deprive

[dih-prahyv]
verb (used with object), deprived, depriving.
1.
to remove or withhold something from the enjoyment or possession of (a person or persons): to deprive a man of life; to deprive a baby of candy.
2.
to remove from ecclesiastical office.

Origin:
1275–1325; Middle English depriven < Anglo-French, Old French depriver < Medieval Latin dēprīvāre, equivalent to Latin dē- de- + prīvāre to deprive (prīv(us) private + -āre infinitive suffix)

deprivable, adjective
deprival, noun
deprivative [dih-priv-uh-tiv] , adjective
depriver, noun
nondeprivable, adjective
predeprive, verb (used with object), predeprived, predepriving.
self-depriving, adjective


1. See strip1.
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World English Dictionary
deprive (dɪˈpraɪv)
 
vb
1.  (foll by of) to prevent from possessing or enjoying; dispossess (of)
2.  archaic to remove from rank or office; depose; demote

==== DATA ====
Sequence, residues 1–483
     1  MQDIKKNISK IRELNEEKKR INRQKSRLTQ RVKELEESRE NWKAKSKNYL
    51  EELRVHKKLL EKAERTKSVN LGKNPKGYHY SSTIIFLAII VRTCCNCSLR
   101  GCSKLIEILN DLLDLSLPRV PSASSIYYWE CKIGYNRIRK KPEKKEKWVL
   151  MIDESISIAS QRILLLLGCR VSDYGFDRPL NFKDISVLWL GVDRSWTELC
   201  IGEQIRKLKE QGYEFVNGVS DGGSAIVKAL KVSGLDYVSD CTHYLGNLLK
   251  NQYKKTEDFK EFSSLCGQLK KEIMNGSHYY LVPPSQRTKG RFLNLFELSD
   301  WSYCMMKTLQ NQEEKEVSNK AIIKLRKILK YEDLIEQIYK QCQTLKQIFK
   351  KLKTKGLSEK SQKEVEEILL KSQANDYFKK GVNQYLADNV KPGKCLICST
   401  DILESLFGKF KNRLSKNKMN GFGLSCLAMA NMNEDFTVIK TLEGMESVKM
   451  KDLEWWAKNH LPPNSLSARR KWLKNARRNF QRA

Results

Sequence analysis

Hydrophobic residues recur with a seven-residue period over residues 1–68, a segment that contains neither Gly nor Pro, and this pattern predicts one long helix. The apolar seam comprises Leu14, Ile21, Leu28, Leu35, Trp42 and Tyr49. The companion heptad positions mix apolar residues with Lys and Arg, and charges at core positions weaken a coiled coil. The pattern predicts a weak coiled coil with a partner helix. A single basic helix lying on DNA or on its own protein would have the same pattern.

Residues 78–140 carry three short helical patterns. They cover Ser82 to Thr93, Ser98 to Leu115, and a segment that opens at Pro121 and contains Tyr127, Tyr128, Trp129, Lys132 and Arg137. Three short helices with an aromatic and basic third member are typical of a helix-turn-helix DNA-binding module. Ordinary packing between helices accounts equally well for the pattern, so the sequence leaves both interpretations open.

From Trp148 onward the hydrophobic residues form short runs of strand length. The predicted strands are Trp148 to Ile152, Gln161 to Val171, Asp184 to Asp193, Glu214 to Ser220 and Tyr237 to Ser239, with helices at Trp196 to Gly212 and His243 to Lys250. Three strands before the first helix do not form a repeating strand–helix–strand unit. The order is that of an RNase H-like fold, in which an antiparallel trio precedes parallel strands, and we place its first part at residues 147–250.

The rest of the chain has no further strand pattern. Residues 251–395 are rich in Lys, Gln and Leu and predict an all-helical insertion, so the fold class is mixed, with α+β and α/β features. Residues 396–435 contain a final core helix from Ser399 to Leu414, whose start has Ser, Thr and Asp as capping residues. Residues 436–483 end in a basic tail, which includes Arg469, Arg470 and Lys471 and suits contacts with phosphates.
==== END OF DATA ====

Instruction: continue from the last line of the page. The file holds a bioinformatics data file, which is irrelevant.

[C14: from Old French depriver, from Medieval Latin dēprīvāre, from Latin de- + prīvāre to deprive of, rob; see private]
 
de'privable
 
adj
 
de'prival
 
n
 
de'priver
 
n

Collins English Dictionary - Complete & Unabridged 10th Edition
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Etymonline
Word Origin & History

deprive
early 14c., from M.L. deprivare, from L. de- "entirely" + privare "release from" (see private). Replaced O.E. bedælan.
Online Etymology Dictionary, © 2010 Douglas Harper
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American Heritage
Medical Dictionary

deprive de·prive (dĭ-prīv')
v. de·prived, de·priv·ing, de·prives

  1. To take something from someone or something.

  2. To keep from possessing or enjoying something.

The American Heritage® Stedman's Medical Dictionary
Copyright © 2002, 2001, 1995 by Houghton Mifflin Company. Published by Houghton Mifflin Company.
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Example sentences
Don't deprive your team of an member for an overly long time.
Sluggish sales of new homes deprive the economy of strength.
In the face of mounting resistance to antibiotics, doctors seek to fool
  bacteria and deprive them of a critical growth factor.
In so doing we can deprive the politicians of their primary weapon — fear
  of the unknown.
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